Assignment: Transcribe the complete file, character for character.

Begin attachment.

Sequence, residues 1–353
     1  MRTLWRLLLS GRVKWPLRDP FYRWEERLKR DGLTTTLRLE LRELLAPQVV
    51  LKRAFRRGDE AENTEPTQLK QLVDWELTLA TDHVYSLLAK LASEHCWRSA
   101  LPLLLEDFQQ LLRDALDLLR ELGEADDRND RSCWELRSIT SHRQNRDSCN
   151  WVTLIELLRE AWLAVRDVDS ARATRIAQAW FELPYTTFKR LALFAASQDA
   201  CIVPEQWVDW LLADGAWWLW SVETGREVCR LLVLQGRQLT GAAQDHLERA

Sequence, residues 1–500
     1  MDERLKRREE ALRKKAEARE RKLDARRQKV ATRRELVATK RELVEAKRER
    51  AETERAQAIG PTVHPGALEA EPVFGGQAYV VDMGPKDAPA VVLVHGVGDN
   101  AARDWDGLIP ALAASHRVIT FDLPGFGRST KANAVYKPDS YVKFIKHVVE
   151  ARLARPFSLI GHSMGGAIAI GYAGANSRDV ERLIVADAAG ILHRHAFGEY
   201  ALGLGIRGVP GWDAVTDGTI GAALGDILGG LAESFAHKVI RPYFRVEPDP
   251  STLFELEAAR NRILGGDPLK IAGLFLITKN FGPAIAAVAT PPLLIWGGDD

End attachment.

Sequence, residues 1–353
     1  MRTLWRLLLS GRVKWPLRDP FYRWEERLKR DGLTTTLRLE LRELLAPQVV
    51  LKRAFRRGDE AENTEPTQLK QLVDWELTLA TDHVYSLLAK LASEHCWRSA
   101  LPLLLEDFQQ LLRDALDLLR ELGEADDRND RSCWELRSIT SHRQNRDSCN
   151  WVTLIELLRE AWLAVRDVDS ARATRIAQAW FELPYTTFKR LALFAASQDA
   201  CIVPEQWVDW LLADGAWWLW SVETGREVCR LLVLQGRQLT GAAQDHLERA

Sequence, residues 1–500
     1  MDERLKRREE ALRKKAEARE RKLDARRQKV ATRRELVATK RELVEAKRER
    51  AETERAQAIG PTVHPGALEA EPVFGGQAYV VDMGPKDAPA VVLVHGVGDN
   101  AARDWDGLIP ALAASHRVIT FDLPGFGRST KANAVYKPDS YVKFIKHVVE
   151  ARLARPFSLI GHSMGGAIAI GYAGANSRDV ERLIVADAAG ILHRHAFGEY
   201  ALGLGIRGVP GWDAVTDGTI GAALGDILGG LAESFAHKVI RPYFRVEPDP
   251  STLFELEAAR NRILGGDPLK IAGLFLITKN FGPAIAAVAT PPLLIWGGDD